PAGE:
Every student I encountered taught me something. They are writers and poets that made a difference to how I see and interpret poetics and writing: Jamba Dunn, Emily Crocker, Andy Peterson, Leann Bifoss, Amy Matterer, Jessica Rogers, Stefania Marthakis, Liz Guthrie, Jeremiah Bowden, Sabrina Calle, Tom Peters, Tyler Burba, Rob Giesen, Kevin Kilroy, Jennifer Rogers, Celeste Davis, Meredith Forbes, Roy Montez (from childhood). Too many in this lineage to count and name, look for them in the text of the future.
What I want to articulate is if you’re a young writer sitting in a two-horse town or a tenement with screaming children and want badly to go to school, then I know something about that. I know if your dirt poor and want to write, a path can appear to you. Or if your wealthy but awkward and think money is a crutch, I know about that too. I know about what it takes to change the course, to make a sea change. I think I learned about courage most of all during my time at Naropa, just having the courage to live my life. The sojourn not the destination is what became important to me and is still important to me today in Brooklyn.
Thursday, July 17, 2008
Cover collage created with original artwork by George Schneeman and Ambrose Bye.
Pick it up from SPD, Here
Tuesday, July 15, 2008
Monday, July 14, 2008
(Granary Books, 2008)
Lewis Warsh—luminous waltz. These writings possess an otherness, an alterity that persists as they switch from verse to prose to poetry. The introspective narrator achieves a sui generis quality, unlike anything you’ve read before.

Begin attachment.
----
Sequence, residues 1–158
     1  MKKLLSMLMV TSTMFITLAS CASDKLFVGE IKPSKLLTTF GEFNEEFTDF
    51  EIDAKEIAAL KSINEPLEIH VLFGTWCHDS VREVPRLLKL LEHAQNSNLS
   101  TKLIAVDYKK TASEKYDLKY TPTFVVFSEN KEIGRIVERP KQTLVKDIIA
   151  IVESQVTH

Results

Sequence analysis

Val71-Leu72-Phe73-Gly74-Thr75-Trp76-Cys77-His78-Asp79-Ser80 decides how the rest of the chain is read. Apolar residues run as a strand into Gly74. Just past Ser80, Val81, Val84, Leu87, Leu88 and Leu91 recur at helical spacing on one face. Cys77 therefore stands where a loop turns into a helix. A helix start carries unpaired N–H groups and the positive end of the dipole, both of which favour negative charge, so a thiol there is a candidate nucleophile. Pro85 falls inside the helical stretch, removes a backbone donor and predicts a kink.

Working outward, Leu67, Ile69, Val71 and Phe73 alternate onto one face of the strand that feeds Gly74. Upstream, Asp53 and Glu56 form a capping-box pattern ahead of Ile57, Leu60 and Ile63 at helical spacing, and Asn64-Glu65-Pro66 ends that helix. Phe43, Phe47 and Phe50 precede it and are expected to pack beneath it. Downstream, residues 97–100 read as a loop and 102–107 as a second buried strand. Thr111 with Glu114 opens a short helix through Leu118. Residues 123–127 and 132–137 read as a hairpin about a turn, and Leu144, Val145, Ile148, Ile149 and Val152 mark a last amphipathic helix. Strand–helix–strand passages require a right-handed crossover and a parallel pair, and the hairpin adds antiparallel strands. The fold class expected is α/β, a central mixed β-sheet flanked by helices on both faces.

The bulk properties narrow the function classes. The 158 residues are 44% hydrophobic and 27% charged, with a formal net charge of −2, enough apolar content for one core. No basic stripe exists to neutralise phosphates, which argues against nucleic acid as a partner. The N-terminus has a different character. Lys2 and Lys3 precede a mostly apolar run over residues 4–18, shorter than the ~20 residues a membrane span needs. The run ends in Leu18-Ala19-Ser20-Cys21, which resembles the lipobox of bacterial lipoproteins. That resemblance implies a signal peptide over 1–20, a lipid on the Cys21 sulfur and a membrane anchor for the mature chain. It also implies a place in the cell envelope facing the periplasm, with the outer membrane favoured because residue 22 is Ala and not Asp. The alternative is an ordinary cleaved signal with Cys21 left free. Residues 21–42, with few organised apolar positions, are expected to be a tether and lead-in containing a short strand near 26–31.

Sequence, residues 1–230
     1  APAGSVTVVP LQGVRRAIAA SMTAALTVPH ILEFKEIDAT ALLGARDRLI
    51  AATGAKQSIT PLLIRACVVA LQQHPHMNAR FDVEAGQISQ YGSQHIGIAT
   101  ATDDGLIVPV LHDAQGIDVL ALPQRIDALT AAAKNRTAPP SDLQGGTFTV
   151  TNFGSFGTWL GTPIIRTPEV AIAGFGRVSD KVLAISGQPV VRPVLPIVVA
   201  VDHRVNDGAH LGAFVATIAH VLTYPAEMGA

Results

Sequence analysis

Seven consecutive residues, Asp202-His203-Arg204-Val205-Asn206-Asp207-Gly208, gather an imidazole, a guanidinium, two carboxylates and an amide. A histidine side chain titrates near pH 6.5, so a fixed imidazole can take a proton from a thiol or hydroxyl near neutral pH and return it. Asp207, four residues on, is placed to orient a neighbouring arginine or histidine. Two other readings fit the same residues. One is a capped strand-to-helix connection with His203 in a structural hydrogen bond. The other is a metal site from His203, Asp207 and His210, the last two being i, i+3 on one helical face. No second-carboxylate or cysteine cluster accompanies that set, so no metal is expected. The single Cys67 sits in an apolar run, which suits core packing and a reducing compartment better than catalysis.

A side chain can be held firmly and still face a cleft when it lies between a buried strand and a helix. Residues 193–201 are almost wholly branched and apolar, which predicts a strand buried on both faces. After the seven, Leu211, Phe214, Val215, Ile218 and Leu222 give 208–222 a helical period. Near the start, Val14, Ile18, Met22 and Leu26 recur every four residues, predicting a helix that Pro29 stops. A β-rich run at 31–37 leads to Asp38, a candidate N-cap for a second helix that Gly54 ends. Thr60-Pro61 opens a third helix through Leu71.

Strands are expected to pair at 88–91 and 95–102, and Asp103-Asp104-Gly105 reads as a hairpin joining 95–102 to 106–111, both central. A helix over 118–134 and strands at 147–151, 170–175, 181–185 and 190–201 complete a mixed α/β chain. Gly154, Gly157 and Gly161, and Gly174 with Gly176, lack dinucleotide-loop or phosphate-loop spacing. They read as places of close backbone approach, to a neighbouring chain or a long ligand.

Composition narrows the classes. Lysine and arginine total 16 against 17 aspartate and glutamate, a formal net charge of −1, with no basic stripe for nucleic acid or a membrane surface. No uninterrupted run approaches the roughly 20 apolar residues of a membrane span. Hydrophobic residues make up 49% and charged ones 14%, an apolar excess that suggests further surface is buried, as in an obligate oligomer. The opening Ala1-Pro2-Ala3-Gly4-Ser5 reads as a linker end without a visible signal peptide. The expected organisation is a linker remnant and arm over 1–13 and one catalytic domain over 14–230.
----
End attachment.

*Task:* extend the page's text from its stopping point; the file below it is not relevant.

Sometimes structures surface. “Consecutive Sentences” suggests non-sequiturs, but Warsh pushes the ball forward by repeating words or themes. Similarly, by hopping from pronoun to pronoun in section 13 of “The Flea Market at Kiel,” he frames the reflecting pond. The traces we follow aren’t strictly linear since “we’re changing contexts at full speed.” Still, it’s clear someone is talking directly to us: “Finish this sentence…."
The poet draws from copious notebooks, making observations that toggle between philosophical and pedestrian. His convincing balancing act admits the proposed and the overheard.
“Or more to the point,” the poems resonate. The titles of the thirty-five poems are laconic and catchy: “Flight Test,” “Disorderly Conduct” and “Last Cigarette,” But the poems are proliferous as Warsh circles his target and reports in from advantageous vantages.
You can get wonderfully lost in these poems where “We float out past the reef & the rocks.” Present and past commingle, propelling the words into the future. Memories, places, people and experiences are banked. The poet’s steady voice kindles them as he breathes through the lines.
Cristina Peri Rossi,
State of Exile
(City Lights Books, 2008)
Li Po, Ovid, Dante, Tsvetaeva… what a venerated tradition the exiled Uruguayan poet, Cristina Peri Rossi shares. When her searing work was banned for criticizing government brutality, she fled the juntas of the ’70s and began a journey without a destination at the age of 31. “Exile is a blind river winding from country to country.” The poems are so intensely personal that they remained private for thirty years.
“Rage… pain… compassion… sorrows…” are the stuff of this heartrending but gutsy collection. The sea, ships, maps and birds haunt the pages. Poverty, nostalgia and despair are painted with direct, terse strokes. Even language, a poet’s best friend, now unfamiliar, reinforces the numbing isolation.
The dream of returning, testament to a fierce love of country, offers false hope in a world where “we lose what we win/ and what was won/ is lost in the flight.” Peri’s spirit soars in spite of the crushing anguish.
A diary of displacement, loaded with disappearances, the spare works cut as they catalog loss. Every smallest thing is missed: “a chair/ a lamp/ a blooming privet/ the sound of the sea/ all lost, // weigh as much as Mama’s absence.”